See also:
» 10.03.2010 - Mines increasingly discovered in Burundi
» 30.10.2009 - Last Burundian refugees repatriated
» 16.10.2009 - HRW calls on Burundi to halt deportation of refugees
» 18.08.2008 - EC helps restore Burundian refugees
» 31.08.2007 - Burundi leader refutes coup fabrication
» 17.08.2007 - 350,000 Burundian refugees return home
» 18.05.2007 - Burundian refugees set for US resettlement
» 14.06.2005 - Burundi, Rwanda violate refugee laws

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Burundi | Tanzania

Tanzania naturalises 162,000 Burundi refugees

Burundian women at Katumba settlement cheer after hearing that they will become Tanzanian citizens

© E Wolfcarius/UNHCR/afrol News
afrol News, 16 April
- The government of Tanzania has announced its decision to grant citizenship to some 162,000 Burundian refugees who fled to Tanzania in 1972. The decision was met with joy among the refugees.

Tanzania's Home Affairs Minister Lawrence Masha today told a gathering of so-called "1972 Burundian refugees" that his government had completed a naturalisation exercise which began in 2008 and in total granted citizenship to 162,000 refugees.

A further 53,600 of the "1972 Burundians" had earlier opted to repatriate in 2008 and 2009 with help from the UN's refugee agency UNHCR. While the Burundian civil war has ended, the country still struggles with the aftermath of the long and brutal war.

"Let me be the first person to welcome you as Tanzanians and not refugees," said Minister Masha, visiting the Katumba ward in the south-west of the country. The Minister also posted the first formal notification list of Burundian refugees who were being granted citizenship.

Burundian refugees at Katumba, while expecting a positive message from the Minister, erupted in joy and cheer as the message was given. The Burundians have fought for Tanzanian citizenship for years.

Festo Crispin, a representative for the refugees, asked to speak and thanked the government. He pledged "that we shall be exemplary citizens," while adding that "we will continue to need your guidance and support until we are able to stand on our own."

Katumba was one of the three so-called "old settlements" inhabited by the 1972 Burundians. Similar notifications were simultaneously released in the two other settlements of Mishamo and Ulyankulu by senior Tanzanian immigration officials. The naturalized Burundians will now live among the general population.

Also in the Tanzanian capital, Dar es Salaam, the first naturalisation ceremonies of Burundians were held today. Home Affairs Minister Masha handed over the first naturalisation certificates to three Burundian students, including Fidelitha Momenye, a final-year sociology student at the University of Dar es Salaam.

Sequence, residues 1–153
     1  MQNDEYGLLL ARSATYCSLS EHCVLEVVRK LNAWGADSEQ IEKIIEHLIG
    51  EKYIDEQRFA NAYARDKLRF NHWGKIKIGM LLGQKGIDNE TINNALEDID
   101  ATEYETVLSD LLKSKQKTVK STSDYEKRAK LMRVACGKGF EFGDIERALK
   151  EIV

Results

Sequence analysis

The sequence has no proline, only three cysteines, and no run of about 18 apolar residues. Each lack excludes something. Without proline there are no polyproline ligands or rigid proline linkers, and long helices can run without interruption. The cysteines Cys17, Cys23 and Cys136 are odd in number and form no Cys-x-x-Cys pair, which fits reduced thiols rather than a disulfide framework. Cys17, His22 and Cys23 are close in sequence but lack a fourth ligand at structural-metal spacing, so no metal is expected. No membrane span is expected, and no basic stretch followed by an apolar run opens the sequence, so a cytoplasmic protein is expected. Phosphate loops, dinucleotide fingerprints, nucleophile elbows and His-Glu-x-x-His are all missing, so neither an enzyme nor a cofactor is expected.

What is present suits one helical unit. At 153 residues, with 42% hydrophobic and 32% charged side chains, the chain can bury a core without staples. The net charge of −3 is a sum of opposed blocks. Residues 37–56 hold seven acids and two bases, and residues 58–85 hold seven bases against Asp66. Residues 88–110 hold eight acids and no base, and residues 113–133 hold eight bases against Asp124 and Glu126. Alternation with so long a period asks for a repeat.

The 25-year-old student said it was an honour and privilege to be the first Burundian refugee from the old settlements to become a Tanzanian citizen. "It is a milestone in my life which will open new opportunities," said Ms Momenye. "I was born here, educated here, taught by Tanzanian teachers and helped by many Tanzanians all my life, I am ready to use my knowledge for the benefit of my country and community," she pledged.

Minister Masha warmly welcomed the new nationals. "Effectively they have all the rights of every Tanzanian. They are free to go anywhere and enjoy the full benefits of citizenship. They are free to seek employment anywhere and free to continue life as normal Tanzanians," he stressed.

The Tanzanian government announcement coincided with UN High Commissioner for Refugee António Guterres to the East African country. The UNHCR leader joined Minister Masha's visit to Katumba and was the first to congratulate the Burundian ex-refugees, were he received a warm welcome.

Mr Guterres praised the Tanzanian government for its "unprecedented generosity and courageous decision" to finding lasting solutions for these Burundian refugees. According to UNHCR, "this is the first time that any state has naturalized such a large group of refugees under the protection of UNHCR in a single move."

The UN refugee chief called on the international community to "recognise Tanzania's generous gesture" and appealed to donors to "respond positively to ensure that the process of integrating its new nationals is successful."

In Dar es Salaam, Mr Guterres met with Tanzanian Prime Minister Peter Pinda, who assured him of his government's commitment to integrate the naturalised Burundians into Tanzanian society.

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